A mutation that give rise to a product that does something new or positively abnormal. This kind of mutations usually cause dominant phenotypes because the presence of normal allele does not prevent the mutant allele from behaving abnormally. The Mutational spectrum in gain of function conditions are more specific and restricted. The same condition is not likely due to random deletion or disruption of the gene. For example in Achodroplasia (Short-limbed dwarfism) virtually all cases have the same missense mutation of Gly380Arg in the FGFR3 Fibroblast growth factor receptor gene. Biochemical studies combined with knockout experiments in mice showed the receptor to be overly active. Other substitutions in the same gene cause other syndromes. In Huntington disease, only repeat expansion mutation and no other type of mutations being seen suggesting a gain of function mutation. Gain of Function mutation is often found in genes that involve control or signalling system behaving inappropriately.

7 Gain of Function mutation 2
Example: Mutation that give rises to a product that do something novel Myotonic dystrophy type 2 is caused by a CCTG expansion in the intron 1 of the zinc finger protein 9 (ZNF9) gene. Experiments carried out with myoblast cell lines and DM2 skeletal muscle biopsy tissue show that large DM2 CCTG expansions (i) do not prevent pre-mRNA splicing, (ii) do not affect expression ratios of alternatively splicing transcripts, (iii) do not change levels of transcripts or protein and (iv) result in accumulation of CCUG ribonuclear inclusions. These data show gain of abnormal activity and therefore support a gain of function RNA model. Mutation give rises to a product that increase its activity. The PTPN11 gene, encodes for protein tyrosine phosphatase and is responsible for Noonan Syndrome. The protein contains 2 SHP2- binding domain and a tyrosine phosphatase domain. Only missense mutations are found in these domain and no deletion or duplication for the gene is seen in Noonan individuals. Immune complex phosphatase assays of mutants in COS7 cells showed increased phosphatase activation compared to wild-type SHP-2 and therefore supports gain of function mechanism.

8 Gain of Function mutation 3
Disease Gene Malfunction Charcot-Marie-Tooth Disease PMP22 Over-expression McCune-Albright Disease GNAS Receptor permanently ‘On’ Huntington Disease HD Protein Aggregation Paramyotonia Congenita SCN4A Ion Channel inappropriately open Chronic Myeloid Leukemia BCR-ABL Chimeric gene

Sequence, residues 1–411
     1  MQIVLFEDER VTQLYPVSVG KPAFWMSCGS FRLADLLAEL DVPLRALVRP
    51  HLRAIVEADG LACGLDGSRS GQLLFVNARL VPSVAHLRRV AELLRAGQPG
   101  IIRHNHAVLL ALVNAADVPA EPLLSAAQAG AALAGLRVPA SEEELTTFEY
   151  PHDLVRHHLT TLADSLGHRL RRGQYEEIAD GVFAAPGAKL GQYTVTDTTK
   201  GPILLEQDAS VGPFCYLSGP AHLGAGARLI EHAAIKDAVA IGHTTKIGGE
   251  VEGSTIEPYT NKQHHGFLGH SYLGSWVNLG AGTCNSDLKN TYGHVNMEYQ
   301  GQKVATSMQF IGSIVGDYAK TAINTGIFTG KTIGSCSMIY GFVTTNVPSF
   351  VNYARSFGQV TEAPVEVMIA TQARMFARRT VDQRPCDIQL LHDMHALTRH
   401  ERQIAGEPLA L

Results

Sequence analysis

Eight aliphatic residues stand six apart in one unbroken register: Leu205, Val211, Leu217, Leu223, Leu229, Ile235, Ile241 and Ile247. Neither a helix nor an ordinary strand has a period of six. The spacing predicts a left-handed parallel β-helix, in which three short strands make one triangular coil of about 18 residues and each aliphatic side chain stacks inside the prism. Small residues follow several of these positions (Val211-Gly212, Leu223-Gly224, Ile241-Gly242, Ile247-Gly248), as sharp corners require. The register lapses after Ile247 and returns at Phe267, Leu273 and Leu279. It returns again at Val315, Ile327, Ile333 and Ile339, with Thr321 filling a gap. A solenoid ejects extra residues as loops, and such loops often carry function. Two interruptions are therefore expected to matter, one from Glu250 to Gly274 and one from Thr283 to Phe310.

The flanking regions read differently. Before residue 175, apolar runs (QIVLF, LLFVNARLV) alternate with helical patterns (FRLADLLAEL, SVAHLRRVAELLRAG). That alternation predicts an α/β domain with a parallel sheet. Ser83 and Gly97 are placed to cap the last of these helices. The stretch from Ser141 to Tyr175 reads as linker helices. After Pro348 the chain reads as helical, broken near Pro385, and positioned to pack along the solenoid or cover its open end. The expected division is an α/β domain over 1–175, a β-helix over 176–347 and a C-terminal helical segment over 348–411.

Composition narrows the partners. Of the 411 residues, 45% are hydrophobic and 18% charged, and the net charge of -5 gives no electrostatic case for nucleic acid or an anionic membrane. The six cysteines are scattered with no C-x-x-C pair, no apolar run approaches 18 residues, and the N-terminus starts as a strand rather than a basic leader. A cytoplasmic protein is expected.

9 Experimental Evidence
Biochemical studies – to determine if mutant product is still functional (enzymatic activity, binding properties, Yeast-2-Hybrid / Protein-Protein interaction assay, Chromatin / immuno-precipitation, Native PAGE). Transcript alterations and Levels – to determine if mutations affect expression and length of transcripts (RT-PCR), accumulation of transcripts (Quantitative PCR), formation of aggregations/inclusion bodies. Protein Structure and level – (ELISA, Western blotting, Immuno-histochemistry, Mass Spectrometry, X-ray Crystallography, Molecular Dynamics Simulation assay, Energetics-based Structural Analysis) Gene Knock-in / Knock-out in animal model or cell line – Investigate the phenotype and cellular response by introducing a functional gene. Interpretation must take into consideration of other forms of dose sensitivity. If phenotype is due to haploinsufficiency, by increasing gene product might rescue the phenotype. In the case where introducing a normal gene, the mutant still retains abnormal activity then likely due to gain of function.

10 Experimental Evidence (2)
In most cases due to the involvement of complex biochemical pathway, evidence must be collected from all levels (types of mutation found, biochemical and structure studies and studies carry out in biological systems) to elucidate the true mechanism.

11 Source Human Molecular Genetics 3. Tom Strachan & Andrew P. Read.
Recent milestones in achondroplasia research. Am J Med Genet (2006) 140, Functional analysis of PTPN11/SHP-2 mutants identified in Noonan syndrome and childhood Leukemia. J Hum Genet (2005) 50, DM2 intronic expansions: evidence for CCUG accumulation without flanking sequence or effects on ZNF9 mRNA processing or protein expression. Hum Molecular Genet (2006) 15,